Patil (A-2) and one unknown person entered the house of accused no.1. Deceased
also followed them and went inside. As there was some time for catching the
bus, the complainant also entered the house of accused no.1 for chewing betal
leaves. The bus stop was just in front of the house of accused no.1. The
complainant sat on the cot. The deceased was standing on the threshold of the
house. The unknown person was standing close to them. Accused no.2 was sitting
on the chair in front of him.
no.1 lifted the gun, loaded it with cartridge and pointed it towards the
deceased and then fired it. The said shot hit on the left side chest of the
deceased, who collapsed and blood started oozing. As soon as deceased fell
down, he died instantaneously. As the complainant was afraid, he came out of
the house. Rajendra, Shantaram, Ramchandra and Dattu Kurane were outside the
house. As soon as he came out of the house, those persons enquired from him
about the sound. He disclosed to them that accused no.1 had fired a gun hitting
Pandurang. Thereafter they all started towards Vadanage. They went to the house
of Sadashiv Khadaka to whom they narrated the incident, because he was their
friend. The distance between his house and the house of accused no.1 is about 2
to 3 kms. The brother-in-law of the deceased resides in the same village. Khadake
had taken them in his house. Then they went to village Kerli in the bus
belonging to the society of Vadanage, because the deceased was from Kerli. Then
they went to Mahadeo Varsmble who is the cousin brother of the deceased. They
woke him up and told him about the incident. Thereafter they all went to Shripati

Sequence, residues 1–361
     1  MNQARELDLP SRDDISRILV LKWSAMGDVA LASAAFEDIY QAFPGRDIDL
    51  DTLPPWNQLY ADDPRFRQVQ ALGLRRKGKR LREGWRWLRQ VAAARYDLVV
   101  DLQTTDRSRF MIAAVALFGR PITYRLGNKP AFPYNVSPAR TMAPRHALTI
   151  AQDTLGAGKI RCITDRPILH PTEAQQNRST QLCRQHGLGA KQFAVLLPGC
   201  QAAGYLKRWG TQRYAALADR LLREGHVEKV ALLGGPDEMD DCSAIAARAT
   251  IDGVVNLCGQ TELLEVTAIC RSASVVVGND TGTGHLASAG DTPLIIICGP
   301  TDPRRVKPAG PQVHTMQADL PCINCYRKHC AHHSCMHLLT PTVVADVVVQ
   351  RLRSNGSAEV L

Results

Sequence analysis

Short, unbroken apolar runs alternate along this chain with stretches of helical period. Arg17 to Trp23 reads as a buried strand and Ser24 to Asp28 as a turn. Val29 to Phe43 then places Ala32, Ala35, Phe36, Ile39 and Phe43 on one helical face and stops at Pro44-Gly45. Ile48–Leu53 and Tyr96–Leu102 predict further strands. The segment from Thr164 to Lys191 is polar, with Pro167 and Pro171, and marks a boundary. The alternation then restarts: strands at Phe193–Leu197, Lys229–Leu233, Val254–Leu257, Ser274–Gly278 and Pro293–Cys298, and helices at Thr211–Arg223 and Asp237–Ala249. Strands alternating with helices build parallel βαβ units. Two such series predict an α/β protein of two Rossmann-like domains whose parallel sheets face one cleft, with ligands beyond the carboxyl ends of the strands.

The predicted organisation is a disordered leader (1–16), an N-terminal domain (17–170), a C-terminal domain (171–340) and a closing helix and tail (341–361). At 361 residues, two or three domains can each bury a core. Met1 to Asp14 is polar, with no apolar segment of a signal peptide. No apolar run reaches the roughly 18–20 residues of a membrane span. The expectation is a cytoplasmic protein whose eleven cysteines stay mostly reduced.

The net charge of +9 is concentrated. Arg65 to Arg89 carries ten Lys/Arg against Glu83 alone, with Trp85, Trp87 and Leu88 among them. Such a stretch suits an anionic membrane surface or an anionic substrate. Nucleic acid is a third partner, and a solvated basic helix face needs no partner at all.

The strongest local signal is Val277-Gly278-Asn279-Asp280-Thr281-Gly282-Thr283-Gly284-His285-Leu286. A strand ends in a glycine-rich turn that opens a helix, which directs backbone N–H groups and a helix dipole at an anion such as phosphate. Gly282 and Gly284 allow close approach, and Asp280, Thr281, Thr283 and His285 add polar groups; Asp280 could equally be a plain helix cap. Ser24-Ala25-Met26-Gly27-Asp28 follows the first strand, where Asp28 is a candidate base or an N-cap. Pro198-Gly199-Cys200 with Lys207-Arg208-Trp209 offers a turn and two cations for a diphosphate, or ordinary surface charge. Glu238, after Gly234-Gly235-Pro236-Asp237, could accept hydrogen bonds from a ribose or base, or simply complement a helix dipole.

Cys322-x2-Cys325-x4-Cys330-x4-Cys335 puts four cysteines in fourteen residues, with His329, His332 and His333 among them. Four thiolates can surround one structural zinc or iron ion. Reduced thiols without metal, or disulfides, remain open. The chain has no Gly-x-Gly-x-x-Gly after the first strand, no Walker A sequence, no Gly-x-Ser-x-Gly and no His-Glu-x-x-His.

Chougule and disclosed to him the incident. Then he himself alongwith five
others who were present for the dinner came to Karvir Police Station in jeep. Shripati
Chougule came to the police station by motorcycle. Complaint was lodged in the Karvir
Police Station. It was reduced into writing. On the basis of the said first
information report, the Police Inspector Shirawekar registered the offence u/s
302 IPC and also under Section 25 of the Arms Act.
Police Inspector visited the spot along with the complainant and his staff in
the jeep. The complainant pointed out the house of accused no.1. Police
Inspector called out accused no.1 by standing near door. Accused no.1 who came
out by opening the latch of the door was arrested.
green lungi which was on the person of accused no.1 was attached under panchanama
(Ex.12). On interrogation accused no.1 expressed his willingness to show the
well where the corpse of the deceased was thrown. The said well is situate at
village Kerli. Accordingly a memorandum was prepared vide Ex.23 in presence of
the panchas. Accused no.1 then led them to the well and the dead body of